“The joy of coding Python should be in seeing short, concise, readable classes that express a lot of action in a small amount of clear code — not in reams of trivial code that bores the reader to death.”
- Guido van Rossum (creator of the Python programming language)
About this article
This article will cover 7 instances of code where you can convert your non-pythonic code into more legible and elegant code. Does your code have these usages ? Then, its a good time to revisit your old code and learn to write it in a more elegant manner.
The topics that we would be covering in this article are —
- changing data types in a data frame in bulk
- writing functions that have a conditional statement
- using list comprehensions instead of loops
- walrus operator
- using the lambda function for short functions
- when to use ‘
- using the
alloperators in lists
Use Case 1 :
When you have to change the type of many of the attributes of your pandas columns / attributes, use a dictionary to do it more elegantly
Case : You have a data-frame called df_box , which has 3 columns
And you want to change the data types of these columns into
The traditional way — change each of the columns explicitly line by line
df_vin = df_vin.astype(
Pythonic way — Pass the attributes / columns that you want to do type-casting as a dictionary .
df_vin = df_vin.astype(
Use Case 2 :
When writing a function that returns a value based on a condition, try writing in simple one line conditions for easy readability.
Traditional way -
def is_greater (a,b):
if a > b :
Pythonic way —
def is_greater(): return 1 if a > b else 0
Note : You can use the same way to write any ‘
Take Away : Most often writing a function in a single line (if that is all it takes) makes it more understandable and easier to handle. Lambda functions (see below) are an effective way to do that.
# Checks if m is an even number
is_even=1 if m%2 == 0 else 0
Use Case 3:
When you want to do any list operations, try using List comprehensions.
Case : Filter out even numbers from a list of numbers.
list1 = [4,2,3,5,7,8,11,16]
Traditional way — loop through the entire list and see if it is odd or even (using a conditional statement) and then append the odd ones into a variable that contains your desired output.
list1 = [4,2,3,5,7,8,11,16]list_odd = 
for n in list1 :
if n%2 ==1 :
Pythonic way — using list comprehension ( same operation in ONE line )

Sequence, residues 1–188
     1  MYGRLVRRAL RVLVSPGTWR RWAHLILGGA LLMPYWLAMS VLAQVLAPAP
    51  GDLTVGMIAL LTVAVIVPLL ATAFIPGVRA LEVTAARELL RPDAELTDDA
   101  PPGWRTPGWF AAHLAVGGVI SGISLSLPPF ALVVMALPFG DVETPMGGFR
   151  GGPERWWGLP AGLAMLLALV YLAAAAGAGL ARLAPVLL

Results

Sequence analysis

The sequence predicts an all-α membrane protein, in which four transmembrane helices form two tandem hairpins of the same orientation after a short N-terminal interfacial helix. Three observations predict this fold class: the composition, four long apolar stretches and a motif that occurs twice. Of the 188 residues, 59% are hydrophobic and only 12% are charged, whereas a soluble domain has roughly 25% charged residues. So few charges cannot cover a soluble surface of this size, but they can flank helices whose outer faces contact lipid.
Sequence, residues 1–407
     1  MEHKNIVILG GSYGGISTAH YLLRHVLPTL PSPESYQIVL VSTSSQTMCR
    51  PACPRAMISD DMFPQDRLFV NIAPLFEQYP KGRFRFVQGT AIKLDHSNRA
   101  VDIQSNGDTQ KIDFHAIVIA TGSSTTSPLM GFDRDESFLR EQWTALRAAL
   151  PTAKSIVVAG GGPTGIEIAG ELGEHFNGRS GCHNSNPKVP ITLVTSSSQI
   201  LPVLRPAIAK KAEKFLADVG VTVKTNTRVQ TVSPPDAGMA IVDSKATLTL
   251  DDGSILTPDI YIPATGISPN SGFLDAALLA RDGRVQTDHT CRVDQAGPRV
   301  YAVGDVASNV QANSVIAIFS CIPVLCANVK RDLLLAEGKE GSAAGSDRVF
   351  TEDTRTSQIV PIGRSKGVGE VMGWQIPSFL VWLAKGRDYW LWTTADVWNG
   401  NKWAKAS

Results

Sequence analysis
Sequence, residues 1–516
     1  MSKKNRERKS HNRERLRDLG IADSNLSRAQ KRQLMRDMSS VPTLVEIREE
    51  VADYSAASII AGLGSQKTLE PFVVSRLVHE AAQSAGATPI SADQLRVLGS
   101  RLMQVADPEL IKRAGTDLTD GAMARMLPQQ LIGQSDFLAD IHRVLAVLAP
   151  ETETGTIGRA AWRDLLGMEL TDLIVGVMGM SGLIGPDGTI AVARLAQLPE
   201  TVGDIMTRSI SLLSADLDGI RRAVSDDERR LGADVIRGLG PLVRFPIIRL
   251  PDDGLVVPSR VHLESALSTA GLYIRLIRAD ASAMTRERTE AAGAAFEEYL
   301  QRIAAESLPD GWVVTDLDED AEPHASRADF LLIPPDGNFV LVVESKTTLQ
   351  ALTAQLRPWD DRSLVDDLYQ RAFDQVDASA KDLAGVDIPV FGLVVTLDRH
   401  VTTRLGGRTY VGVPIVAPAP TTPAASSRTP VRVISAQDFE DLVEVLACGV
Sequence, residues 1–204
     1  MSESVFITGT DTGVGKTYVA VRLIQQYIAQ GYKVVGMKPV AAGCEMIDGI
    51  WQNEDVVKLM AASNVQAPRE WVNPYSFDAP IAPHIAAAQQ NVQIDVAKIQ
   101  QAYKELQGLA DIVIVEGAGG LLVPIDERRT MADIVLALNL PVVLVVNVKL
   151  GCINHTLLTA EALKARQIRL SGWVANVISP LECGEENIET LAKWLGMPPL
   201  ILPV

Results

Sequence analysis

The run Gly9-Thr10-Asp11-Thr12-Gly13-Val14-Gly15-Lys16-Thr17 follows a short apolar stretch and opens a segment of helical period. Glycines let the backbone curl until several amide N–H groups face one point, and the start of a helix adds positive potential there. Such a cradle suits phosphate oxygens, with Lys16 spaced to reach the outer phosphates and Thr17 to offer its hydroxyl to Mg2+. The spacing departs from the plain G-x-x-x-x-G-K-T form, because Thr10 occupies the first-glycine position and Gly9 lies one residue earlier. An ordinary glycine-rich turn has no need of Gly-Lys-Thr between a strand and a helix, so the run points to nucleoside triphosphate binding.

list_odd = [n for n in list1 if n%2 == 1 ]
As you see, python list comprehension is a very powerful way of doing list manipulations. For more understanding on list comprehension, please have a look at this article which gives you an intuitive understanding on list comprehensions.
Use Case 4:
Use the walrus operator when you want to assign the result of a condition-statement to a Boolean in a nifty manner.
Note : Available only from python 3.8 onward
:= is the assignment operator — (also known as the walrus operator ) since it resembles the face and the tusk of the walrus. Let’s see how this can be used to assign the output of a conditional statement into a variable.
Case : Check if the length of a list is greater than 3
my_list = [1,2,3,4,5]
Traditional way —
if len(my_list) > 3 :
n = True
Pythonic way — using the walrus operator
if n := len(my_list) > 3:
Displaying the output …
Use Case 5:
Use Lambda functions if you have a very small function definitions.
A lambda function is an anonymous function — for a good reason — it doesn't need/have a name.
lambda functions look like this in general :
lambda arguments: expression
Lets take a simple function to exhibit the use of lambda — ( though you might not be able to fully appreciate the power of lambda function ).
Case : print the square of all the numbers in a list
The traditional way of using a function —
Pythonic way — by using a lambda function
It has to be kept in mind that the best use of a lambda function when used along with
apply(), map() or the
Use Case 6:
To create a key value pair from two lists of the same length, use the ‘
Case : If you have two lists, one representing a list of numbers
and the other a list of letters corresponding to the numbers ,
[‘A’, ‘B’, ‘C’, ‘D’, ‘F’]
and you want to make a list of lists preserving the order of the lists —
The traditional way of doing it —
The Pythonic way —
Use Case 7:
To check ALL ( logical multiple AND ), ANY ( logical multiple OR ) condition iteratively in a list in a single line of code, use the all() or any() function
Case: If I want to do an OR / AND condition check on every element of a list.
Lets see some examples —
Example 1 — Check if any of the values in a given list
l_num is greater than 10 and Example 2 — check if all of the values is
less than 12
The traditional way —
The Pythonic way —
If you have enjoyed going through these samples and is getting started with Python, you might also be interested in this article —